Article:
A lawsuit against the Chicago Cubs for failing to comply with the Americans with Disabilities Act (ADA) will be allowed to continue, a federal judge ruled.
In December 2017, David Cerda filed a lawsuit alleging that the Cubs violated the ADA by failing to provide enough seating for wheelchair users at Wrigley Field. Cerda, who has Duchenne muscular dystrophy and needs a wheelchair for mobility, claimed that the ADA requires the Cubs to offer 217 accessible seats and that the Cubs only offered 42 seats in 2018. Cerda also argued that the location of the existing wheelchair-accessible seats was insufficient.
The Cubs sought to dismiss Cerda’s lawsuit, arguing that Cerda lacked standing for failing to suffer harm and that there were ongoing renovations. The Cubs claimed that they would meet ADA requirements after renovations, though the exact number of accessible seats the Cubs will have is uncertain.
On August 30, 2019, U.S. District Judge Jorge Alonso refused the Cubs’ motion to dismiss the lawsuit, stating that it is possible that Wrigley Field does not meet ADA requirements. Judge Alonso stated, “the Cubs contend that Cerda’s calculation of 217 seats is incorrect because the renovations are still ongoing. But in making this contention, the Cubs do not say what the number should be and whether the Cubs have satisfied this number.”
As we reported earlier, Cerda’s lawsuit is one of many ADA suits against MLB teams in recent years. While ADA guidelines regarding stadiums were finalized in 2010, it remains unclear what interpretation of these guidelines MLB stadiums must follow.
Under the ADA, the 2010 guidelines do not specifically designate where accessible seats are to be located. Cerda argued that seat placement has gotten worse than in previous years, being moved several rows farther from the field of play and facing view obstructions when other fans stand.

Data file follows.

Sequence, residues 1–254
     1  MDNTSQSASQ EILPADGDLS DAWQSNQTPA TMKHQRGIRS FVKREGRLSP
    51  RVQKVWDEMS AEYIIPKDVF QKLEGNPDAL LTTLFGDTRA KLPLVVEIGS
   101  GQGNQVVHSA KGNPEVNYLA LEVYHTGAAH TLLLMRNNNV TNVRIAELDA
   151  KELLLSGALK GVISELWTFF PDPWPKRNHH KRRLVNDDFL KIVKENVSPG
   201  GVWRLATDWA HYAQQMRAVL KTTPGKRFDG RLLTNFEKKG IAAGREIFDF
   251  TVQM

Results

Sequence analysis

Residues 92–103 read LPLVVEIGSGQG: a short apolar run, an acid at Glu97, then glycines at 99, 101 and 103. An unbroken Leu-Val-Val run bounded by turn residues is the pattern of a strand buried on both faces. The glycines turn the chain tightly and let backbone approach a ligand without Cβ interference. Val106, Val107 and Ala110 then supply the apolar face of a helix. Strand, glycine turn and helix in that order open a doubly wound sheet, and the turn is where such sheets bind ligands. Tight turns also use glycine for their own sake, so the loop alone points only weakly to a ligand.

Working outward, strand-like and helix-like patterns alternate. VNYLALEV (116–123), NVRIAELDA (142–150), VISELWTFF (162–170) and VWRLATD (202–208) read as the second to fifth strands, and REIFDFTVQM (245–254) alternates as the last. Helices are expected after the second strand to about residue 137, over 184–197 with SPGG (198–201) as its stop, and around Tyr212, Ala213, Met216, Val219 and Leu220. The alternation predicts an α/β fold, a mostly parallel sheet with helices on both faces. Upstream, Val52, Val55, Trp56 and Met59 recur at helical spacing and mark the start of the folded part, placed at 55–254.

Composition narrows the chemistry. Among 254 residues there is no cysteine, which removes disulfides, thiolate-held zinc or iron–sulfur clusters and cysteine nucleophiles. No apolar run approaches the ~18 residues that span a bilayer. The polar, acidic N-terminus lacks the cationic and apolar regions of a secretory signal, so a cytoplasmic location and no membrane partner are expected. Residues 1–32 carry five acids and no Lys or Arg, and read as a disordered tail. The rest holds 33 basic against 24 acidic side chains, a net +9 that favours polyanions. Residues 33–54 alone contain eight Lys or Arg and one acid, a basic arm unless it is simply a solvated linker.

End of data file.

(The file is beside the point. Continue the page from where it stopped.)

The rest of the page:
Judge Alonso rejected Cerda’s arguments regarding vertical dispersion of seating, stating that the ADA does not require the Cubs to “place ADA seats in the front row.” The Cubs had sufficient evidence to show that vertical dispersion requirements were met, even if the locations were not ideal for Cerda.
Judge Alonso allowed Cerda’s lawsuit to continue regarding horizontal dispersion. The only wheelchair-accessible seating at Wrigley Field is behind home plate, in the bleachers, and along the third base line. However, since Cerda argues that the third base line seating is obstructed, the only unobstructed views are in the former two sections. As a result, Judge Alonso found that Cerda has shown an injury since there is no accessible seating along the first and third base lines.
Cerda also alleged personal discrimination since they did not offer accessible seating in Wrigley Field’s 1914 luxury suite. Judge Alonso rejected this claim because Cerda did not place his name on the waiting list for this suite.
Judge Alonso also rejected Cerda’s claims under the Rehabilitation Act. Cerda argued that, by accepting a National Park Service federal tax credit, the Cubs were forbidden from engaging in intentional discrimination. Judge Alonso disagreed, finding that a tax credit is not enough and that a direct subsidy would be necessary.
We will continue to monitor this situation.